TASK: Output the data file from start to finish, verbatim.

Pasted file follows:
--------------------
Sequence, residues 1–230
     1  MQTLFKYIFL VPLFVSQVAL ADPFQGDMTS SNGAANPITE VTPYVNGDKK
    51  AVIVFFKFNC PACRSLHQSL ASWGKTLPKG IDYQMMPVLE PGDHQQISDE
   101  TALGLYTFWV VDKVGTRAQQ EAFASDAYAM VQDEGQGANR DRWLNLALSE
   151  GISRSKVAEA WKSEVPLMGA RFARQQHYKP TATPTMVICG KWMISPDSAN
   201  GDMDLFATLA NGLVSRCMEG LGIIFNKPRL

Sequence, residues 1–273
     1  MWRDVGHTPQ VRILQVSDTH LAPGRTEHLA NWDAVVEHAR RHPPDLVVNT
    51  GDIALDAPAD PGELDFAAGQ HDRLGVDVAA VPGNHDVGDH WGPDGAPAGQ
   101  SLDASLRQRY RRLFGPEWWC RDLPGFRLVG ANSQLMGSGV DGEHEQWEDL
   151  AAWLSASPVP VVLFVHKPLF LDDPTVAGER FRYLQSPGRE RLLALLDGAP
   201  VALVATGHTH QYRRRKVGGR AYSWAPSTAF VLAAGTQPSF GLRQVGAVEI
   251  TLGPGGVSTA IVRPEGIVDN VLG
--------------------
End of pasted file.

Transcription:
Sequence, residues 1–230
     1  MQTLFKYIFL VPLFVSQVAL ADPFQGDMTS SNGAANPITE VTPYVNGDKK
    51  AVIVFFKFNC PACRSLHQSL ASWGKTLPKG IDYQMMPVLE PGDHQQISDE
   101  TALGLYTFWV VDKVGTRAQQ EAFASDAYAM VQDEGQGANR DRWLNLALSE
   151  GISRSKVAEA WKSEVPLMGA RFARQQHYKP TATPTMVICG KWMISPDSAN
   201  GDMDLFATLA NGLVSRCMEG LGIIFNKPRL

Sequence, residues 1–273
     1  MWRDVGHTPQ VRILQVSDTH LAPGRTEHLA NWDAVVEHAR RHPPDLVVNT
    51  GDIALDAPAD PGELDFAAGQ HDRLGVDVAA VPGNHDVGDH WGPDGAPAGQ
   101  SLDASLRQRY RRLFGPEWWC RDLPGFRLVG ANSQLMGSGV DGEHEQWEDL
   151  AAWLSASPVP VVLFVHKPLF LDDPTVAGER FRYLQSPGRE RLLALLDGAP
   201  VALVATGHTH QYRRRKVGGR AYSWAPSTAF VLAAGTQPSF GLRQVGAVEI
   251  TLGPGGVSTA IVRPEGIVDN VLG